ridin’ to the end

May 20, 2016

I’m playing Fable again and I’m watching TNG again and I’m considering reading Jane Austen again. I’m thinking about how I have this (at this point) quite cyclic predictable need to return to the same media over and over throughout my life. Part of me is always ashamed of spending so much of my leisure time doing the same things over and over, but my craving for them is strong. I’ve had the same 30 books for like 10 years, some of them much longer. I reread all of them at least once a year. Each page is like a mile marker for me, reading it again and having all of my old thoughts and then my new thoughts on top of them is like measuring myself against old marks on the wall. I spend a fraction of my time worrying that I should be reading more new books, watching more new films, oh and also getting up off the couch and doing more new things in general. Which is good, because I spend a much larger fraction of my time basking in the glow of old flames, and without the guilt and a little natural enterprise, I would miss out on a lot of the things I have to go out and get. But in between these things, in the margins of my life, I revisit old media.

I’ve been thinking about my relationship with home, lately. We are, not mad unique little snowflakes at all, us, attempting to buy a house. In Portland. In 2016. It is a ridiculous proceeding and like every other adult undertaking so far has challenged me to the whites of my fingertips and made me search into profound deeps of self; because of course buying a home is a massive deal, both in dollars and sense, and I am naturally making the requisite fuss about it. The only thing good about trying to buy a house right now is having Jason to do it with. Everything we do together puts another stack on the lego wall of my more excellent self. Sometimes that shit comes down but he is always right there when it’s time to put it back up, finding me those stupid elusive 3 hole bricks and helping me yank old clusters apart. Now I want legos. Those old neon accessoried space sets.

Anyhow I’ve been thinking about my relationship with home, because we are trying to buy one, and it is really hard to do that right now so we are not really being rushed into anything. No impulsive decisions here. We are grizzled and hardened from the harsh realities of the damn climate. Which I am honestly if I admit it a little grateful for. I have always been a sort of let’s do it now and figure it out as we go sort of person when it comes to concepts that are too complex for my mind to hold all at once but the time apparently seems to be now… I completely hope we get to buy a house because our rent keeps going up like the glass elevator at the end of the book, but I am cosmically bone deep grateful that we are getting the chance to learn all about the process and are literally walking the beat in every neighborhood in the city trying to find places for our next chapter to fit.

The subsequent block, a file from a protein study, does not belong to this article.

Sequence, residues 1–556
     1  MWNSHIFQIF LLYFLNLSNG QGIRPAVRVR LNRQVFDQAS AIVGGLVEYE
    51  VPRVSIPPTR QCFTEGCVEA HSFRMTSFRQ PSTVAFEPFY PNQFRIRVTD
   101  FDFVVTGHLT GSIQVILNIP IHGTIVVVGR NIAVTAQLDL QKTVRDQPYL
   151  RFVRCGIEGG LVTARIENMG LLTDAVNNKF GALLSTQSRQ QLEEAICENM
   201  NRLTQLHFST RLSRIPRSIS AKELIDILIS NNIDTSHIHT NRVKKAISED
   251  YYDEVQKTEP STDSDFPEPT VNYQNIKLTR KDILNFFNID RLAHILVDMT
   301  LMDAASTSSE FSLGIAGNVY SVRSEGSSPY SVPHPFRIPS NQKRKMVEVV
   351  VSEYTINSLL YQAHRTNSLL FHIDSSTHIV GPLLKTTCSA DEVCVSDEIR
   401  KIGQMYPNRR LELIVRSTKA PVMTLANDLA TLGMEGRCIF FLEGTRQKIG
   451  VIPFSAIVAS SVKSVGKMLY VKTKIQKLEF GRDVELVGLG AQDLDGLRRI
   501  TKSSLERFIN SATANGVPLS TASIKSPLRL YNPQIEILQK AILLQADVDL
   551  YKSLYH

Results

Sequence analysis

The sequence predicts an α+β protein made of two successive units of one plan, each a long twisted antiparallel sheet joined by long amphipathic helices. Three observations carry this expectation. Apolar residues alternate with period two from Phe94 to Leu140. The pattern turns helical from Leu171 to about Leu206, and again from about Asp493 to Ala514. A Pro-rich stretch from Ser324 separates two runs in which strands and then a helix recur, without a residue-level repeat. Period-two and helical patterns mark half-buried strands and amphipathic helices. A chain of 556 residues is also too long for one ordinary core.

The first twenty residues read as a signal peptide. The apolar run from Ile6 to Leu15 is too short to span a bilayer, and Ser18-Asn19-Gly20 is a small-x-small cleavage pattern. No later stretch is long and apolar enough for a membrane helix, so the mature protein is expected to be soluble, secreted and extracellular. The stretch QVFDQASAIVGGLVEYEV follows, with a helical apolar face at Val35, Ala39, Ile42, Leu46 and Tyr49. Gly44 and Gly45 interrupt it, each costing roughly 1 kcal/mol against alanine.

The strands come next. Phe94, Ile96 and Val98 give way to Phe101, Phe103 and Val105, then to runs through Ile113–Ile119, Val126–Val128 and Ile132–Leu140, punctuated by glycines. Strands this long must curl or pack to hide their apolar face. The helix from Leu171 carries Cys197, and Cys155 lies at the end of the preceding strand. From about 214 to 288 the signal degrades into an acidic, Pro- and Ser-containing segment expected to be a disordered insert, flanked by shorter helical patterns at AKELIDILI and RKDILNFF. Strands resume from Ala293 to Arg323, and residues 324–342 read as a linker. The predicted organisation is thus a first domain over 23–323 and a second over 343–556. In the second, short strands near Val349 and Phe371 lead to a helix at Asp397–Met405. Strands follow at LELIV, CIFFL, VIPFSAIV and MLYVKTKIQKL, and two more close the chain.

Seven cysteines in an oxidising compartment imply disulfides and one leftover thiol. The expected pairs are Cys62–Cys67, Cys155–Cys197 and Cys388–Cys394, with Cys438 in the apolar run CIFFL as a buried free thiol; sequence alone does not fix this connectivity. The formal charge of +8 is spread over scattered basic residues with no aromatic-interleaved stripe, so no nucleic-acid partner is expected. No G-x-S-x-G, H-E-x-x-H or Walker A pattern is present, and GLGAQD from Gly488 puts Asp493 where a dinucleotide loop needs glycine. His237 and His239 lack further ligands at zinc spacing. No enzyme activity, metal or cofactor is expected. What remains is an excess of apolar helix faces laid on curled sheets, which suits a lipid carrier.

And I’ve been thinking about my relationship with home, because I don’t really think I have much of a relationship with it. We’ve gone all over this part of the world. We’ve seen multiple places I lived as a child. We’ve been by multiple places I lived as an adult. I’ve freaked out about living in any of them. Then I think about where I would actually want to live instead given all the cash up front in the world (I hate rich people) (but just while I am trying to get a reasonable set of shingles over my head I swear) (or also when they are standing miles deep in line for a goddamn ice cream cone there are children dying in other countries while you stand there I know, I am not doing anything for them either, ok I’m done) and trying to choose a place I would live if I could choose anywhere freaks me out as well.

I don’t think I’m very used to having much choice about where I live. When I do, I don’t think much about it because it likely isn’t going to last long. Mostly it just happens because someone else makes it happen, and then I sponge it up and deal with it and adapt pretty well overall; or left to my own devices I find the cheapest thing that is closest to my job and friends, and camp out until someone else comes along and tells me where to live next.  After about 32 years of this, I don’t have any concept of where I would like to live. Just somewhere cute, please, with trees, and a bus.

When I think about home, I think about people, and books, and clothes, and coffee mugs, and movies, and boxes stuffed with old letters. I think about the things I carry, to hold me down, so I will not be lost in the great wide abyss. I don’t know if anything at all happens to you when you die, but if anything does I hope I come back as a book.


And in the meantime y’all, buying a house is hard. And stupid. But I think it will be one of the best joys I’ve ever had to be tied so securely to a place that I begin to think of it as a home. Fingers XING!

I am


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